Recovery is nearly complete

Boomershoot is very stressful for me. I usually only sleep four or five hours a night and loose about 10 pounds in the week around Boomershoot. This year’s event was the least stressful of any. I had several people comment on how low key I was compared to usual. I actually enjoyed strolling up and down the line watching for safety violations holding hands with Barb. Usually I’m too keyed up for either of us to enjoy holding hands much.

I think sleeping on-site helped lower the stress. I could work late and get up early to prepare for the arrival of the rest of the crew. Even though I slept in a tent next to the Taj Mahal that got down to 29 F just before dawn one morning I got more sleep than usual. It was interesting to me that I put a small jug of milk on some ice in a small cooler Wednesday noon and the ice still hadn’t all melted as of Saturday noon.

Barb seemed pleased that my appetite returned on Tuesday and I started eating normally on Monday.

I also have to give a lot of credit for the (relatively) low stress Boomershoot to our staff:

  • Scott K. makes an amazing contributions by showing up early Thursday morning each year and leaving long after nearly everyone else is gone on Sunday evening. This year he drove all the way from Virginia.
  • Brian and Cody worked until very late on Sunday as well. This is when I most appreciate the help. The anticipation and fun is over. It’s cleaning up after the party when you are dead tired. Thanks guys.
  • Mark Y. showed up Thursday morning as well and worked four solid days. He “only” had to drive an hour each way from Moscow.
  • Barron and Janelle B. drove about 1:15 each way from Uniontown and were there all four days.
  • Ry drove 340 miles from Seattle and was there all four days.
  • Ry’s daughters Anna and Arden folded boxes, stamped the ATF required markings on empty boxes, and did numerous other grunt work.
  • David S. came from Seattle and worked all day Friday, Saturday, and part of Sunday.
  • Rolf N. came from Seattle and helped make explosives and entertained us all with his puns.
  • Phil put in some time at the Taj doing some grunt work too.
  • Tim S. helped not only on the day of Boomershoot but with experiments last fall.
  • Daughter Kim worked long days Saturday and Sunday. She left the range at 19:22 on Sunday and looked like death warmed over. She had put away nearly everything at the Taj Mahal and even took down my tent, rolled up my sleeping bags, and stuffed them in my car. She had been up since at least 6:45 that morning. She usually makes nearly all of the Boomerite but this year Scott K. made the explosives on Friday while Kim was attending classes. Saturday she made all of it and cleaned up the production area while I and most of the others ran the High Intensity event.
  • Peter V. and John S. are nurses. They bring their medical kits and shoot in the Sunday event. They seem a bit disappointed they don’t get to treat and gunshot wounds or explosives injuries but they say they have a good time each year. This year John helped measure chemicals and fold target boxes on Saturday.
  • Boomershoot photographer (and daughter) Xenia Joy was there on Sunday and I’ll eventually go through her pictures and post some of them.
  • Bruce (Squirrel Hunter), Fred, and their crew did the raffle which netted $1300 for Soldiers’ Angels and distributed badges Friday night, Saturday night and Sunday morning.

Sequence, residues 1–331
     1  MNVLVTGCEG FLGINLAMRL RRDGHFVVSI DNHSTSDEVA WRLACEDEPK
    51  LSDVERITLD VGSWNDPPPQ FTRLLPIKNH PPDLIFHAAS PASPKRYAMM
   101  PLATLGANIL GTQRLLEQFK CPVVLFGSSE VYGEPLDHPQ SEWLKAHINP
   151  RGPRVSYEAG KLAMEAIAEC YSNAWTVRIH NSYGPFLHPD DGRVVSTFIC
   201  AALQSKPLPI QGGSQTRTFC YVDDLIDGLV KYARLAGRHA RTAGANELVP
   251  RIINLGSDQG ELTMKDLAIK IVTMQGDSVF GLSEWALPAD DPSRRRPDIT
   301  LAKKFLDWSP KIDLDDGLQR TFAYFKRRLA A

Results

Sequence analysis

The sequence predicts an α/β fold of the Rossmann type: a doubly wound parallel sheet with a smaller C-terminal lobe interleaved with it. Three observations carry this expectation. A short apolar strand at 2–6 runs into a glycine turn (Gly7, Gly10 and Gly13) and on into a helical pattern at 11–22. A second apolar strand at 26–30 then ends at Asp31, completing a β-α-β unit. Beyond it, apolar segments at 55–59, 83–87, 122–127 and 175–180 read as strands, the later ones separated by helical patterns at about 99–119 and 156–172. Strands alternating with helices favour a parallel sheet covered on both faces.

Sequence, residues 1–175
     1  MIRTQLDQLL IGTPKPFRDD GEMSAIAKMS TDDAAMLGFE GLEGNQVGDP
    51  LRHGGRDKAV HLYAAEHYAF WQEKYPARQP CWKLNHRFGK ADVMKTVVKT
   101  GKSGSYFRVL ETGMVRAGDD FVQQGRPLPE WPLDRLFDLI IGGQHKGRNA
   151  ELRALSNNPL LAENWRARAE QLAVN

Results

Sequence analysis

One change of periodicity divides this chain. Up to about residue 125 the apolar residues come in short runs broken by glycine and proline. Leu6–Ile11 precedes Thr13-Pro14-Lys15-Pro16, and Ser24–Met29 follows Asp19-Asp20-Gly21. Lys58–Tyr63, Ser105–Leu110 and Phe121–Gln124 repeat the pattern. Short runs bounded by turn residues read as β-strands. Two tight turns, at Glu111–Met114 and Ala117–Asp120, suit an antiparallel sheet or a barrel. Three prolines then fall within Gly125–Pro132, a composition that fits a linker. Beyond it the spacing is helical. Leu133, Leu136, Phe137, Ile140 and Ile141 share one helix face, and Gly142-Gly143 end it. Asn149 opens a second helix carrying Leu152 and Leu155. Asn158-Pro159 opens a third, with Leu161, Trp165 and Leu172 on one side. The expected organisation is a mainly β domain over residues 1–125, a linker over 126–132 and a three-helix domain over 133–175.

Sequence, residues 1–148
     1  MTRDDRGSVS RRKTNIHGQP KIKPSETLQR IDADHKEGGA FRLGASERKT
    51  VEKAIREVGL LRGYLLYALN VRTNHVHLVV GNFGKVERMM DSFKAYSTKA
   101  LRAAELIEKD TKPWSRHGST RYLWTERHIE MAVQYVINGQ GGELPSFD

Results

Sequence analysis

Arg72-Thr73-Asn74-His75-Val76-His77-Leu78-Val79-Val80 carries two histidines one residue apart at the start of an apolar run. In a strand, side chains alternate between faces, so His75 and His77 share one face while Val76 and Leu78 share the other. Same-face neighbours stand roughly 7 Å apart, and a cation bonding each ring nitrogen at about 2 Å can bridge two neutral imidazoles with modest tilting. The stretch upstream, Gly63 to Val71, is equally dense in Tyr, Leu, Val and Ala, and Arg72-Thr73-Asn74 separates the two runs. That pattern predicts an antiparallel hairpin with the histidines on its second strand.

• Chris T. watched the road Friday, Saturday, and Sunday and radioed back to the shooting line about approaching cars.
  • Eugene Econ, Shawn W., Bill and Rob W., and Monte M. put on the Precision Rifle Clinic. In addition to all the expert shooting ability and coaching skills prep for this starts Thursday afternoon and involves moving large quantities of steel up a steep hill.
  • Wife Barbara Scott put up with me being gone (physically for three nights and mentally for at least a week) and then helped so much with numerous errands, providing transportation for the cameraman, and taking care of my mom while Dad came over to do an interview with Michael Bane. And most of all she hasn’t yet hit me for telling her over the megaphone that there were 150 people waiting on her to arrive so we could do the fireball. That doesn’t count all the tolerance she shows all year long as I prepare for the next Boomershoot. Some of her coworkers tell her she is a celebrity because of the attention Boomershoot sometimes gets. But, as she tells them, she isn’t a celebrity, she just sleeps with one. I think she means me.

Also, I would like to again thank Bruce for the matching Boomershoot jackets that he gave to Barbara and me at the Saturday night dinner. Those were awesome.


6 thoughts on “Recovery is nearly complete

  1. None of it happens without you, though, Joe!

    The biggest thank you belongs to your family, and especially you, for sharing the opportunity with all of us!!

    It is truly, as Michael Bane put it, “…the most interesting precision rifle event in the entire world.”

    Thank you!!!

  2. Joe gets many many thanks for the Boomershoot. He gets lots of media attention. It takes a small army to make this event happen. How about we let the unpaid volunteers and the workers who put in many hours have some time in the sun of Joe’s blog. They don’t get mentioned enough. Thanks Joe for thanking the staff and volunteers.

  3. Thanks again Joe. Although I missed Boomershoot again this year, I will make it someday. Thanks for letting people see just how much fun you can have and still be safe, legal, and free.

    Thanks for helping out Soldiers Angels, Too.

  4. Thank you very much from my heart.
    It is things like this, people like you that make me want to be a better person.
    Please if you have a chance email me the addresses of everyone involved, I would love to send a thank you.

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